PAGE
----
The basic premise is that passengers will register once in a lifetime (or the first time) when they book a ticket or independently through the DigiYatra app, and then will be assigned a DigiYatra ID Travel Credential. The registration process is expected be linked to GoI-issued ID databases like Aadhar, driver’s license, etc. with a one-time validation. The enrolment is completely based on self-service, and a passenger can enrol using a ‘selfie’ on a smartphone, from the comfort of their home.
A DigiYatra ID Travel Credential is created upon enrolment and a passenger can update travel details by simply scanning their boarding pass or travel document. Under the new, revised DigiYatra process, all of the passenger’s data is stored in a secure wallet in the smartphone and data sharing with relevant stakeholders – like airports, airlines and regulatory agencies – happens only when needed. Data is shared on a need-to-know basis and 24 hours before the scheduled time of departure of the flight.
If, for any reason, the ‘selfie’-based registration is not successful, a QR code is issued to the passenger for a one-time authentication at the airport registration kiosk to update their facial biometric data. The data shared by the passenger, the travel itinerary and the ID data is linked to the single token facial biometric, and the journey through the airport is done through passenger authentication using only facial biometrics at checkpoints such as entry, check-in, baggage drop, security check and before boarding.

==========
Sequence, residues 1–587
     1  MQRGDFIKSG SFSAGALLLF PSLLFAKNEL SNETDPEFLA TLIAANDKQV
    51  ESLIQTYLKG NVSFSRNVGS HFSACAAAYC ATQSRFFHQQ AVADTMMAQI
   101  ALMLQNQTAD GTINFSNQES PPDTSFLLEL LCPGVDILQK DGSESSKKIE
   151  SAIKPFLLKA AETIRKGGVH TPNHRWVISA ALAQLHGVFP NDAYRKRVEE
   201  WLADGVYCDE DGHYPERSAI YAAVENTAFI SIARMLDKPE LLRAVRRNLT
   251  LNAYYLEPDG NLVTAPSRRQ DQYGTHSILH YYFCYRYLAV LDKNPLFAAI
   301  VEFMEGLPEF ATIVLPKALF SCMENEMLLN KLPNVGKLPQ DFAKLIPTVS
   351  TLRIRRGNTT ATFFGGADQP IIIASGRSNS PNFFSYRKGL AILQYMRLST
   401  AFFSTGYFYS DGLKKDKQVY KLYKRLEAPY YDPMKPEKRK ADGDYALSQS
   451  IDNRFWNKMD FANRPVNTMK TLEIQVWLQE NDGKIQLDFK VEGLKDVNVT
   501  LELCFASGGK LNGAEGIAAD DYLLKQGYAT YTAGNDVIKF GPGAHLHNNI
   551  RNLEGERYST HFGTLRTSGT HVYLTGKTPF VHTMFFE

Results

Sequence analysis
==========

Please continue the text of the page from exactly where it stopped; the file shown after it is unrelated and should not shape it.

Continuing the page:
As passengers travel through the airport, they can put away their travel documents, as they will be authenticated and verified at every touchpoint by state-of-the-art biometric technology.
The BLR Airport roll-out
In parallel with these discussions, and after a comprehensive RFP process, BIAL contracted Vision-Box – a Lisbon-based technology firm that develops biometrics solutions – to develop the technology and implement it across 365 touchpoints at the existing terminal, Terminal 1 (T1), at BLR Airport. The touchpoints covered the kerb-to-boarding gate journey of passengers and included registration kiosks outside the terminal, entry to the terminal, check-in, bag‑drop, security and boarding, with immigration counters included (in a future phase).
The Vision-Box-developed facial recognition technology at BLR Airport offers the highest degree of safety and security while ensuring stringent standards of privacy. The facial recognition data is used only for the authentication and verification of passengers, as they move through multiple processing points in the terminal. In addition, passenger data is deleted within a few hours of the completion of the flight.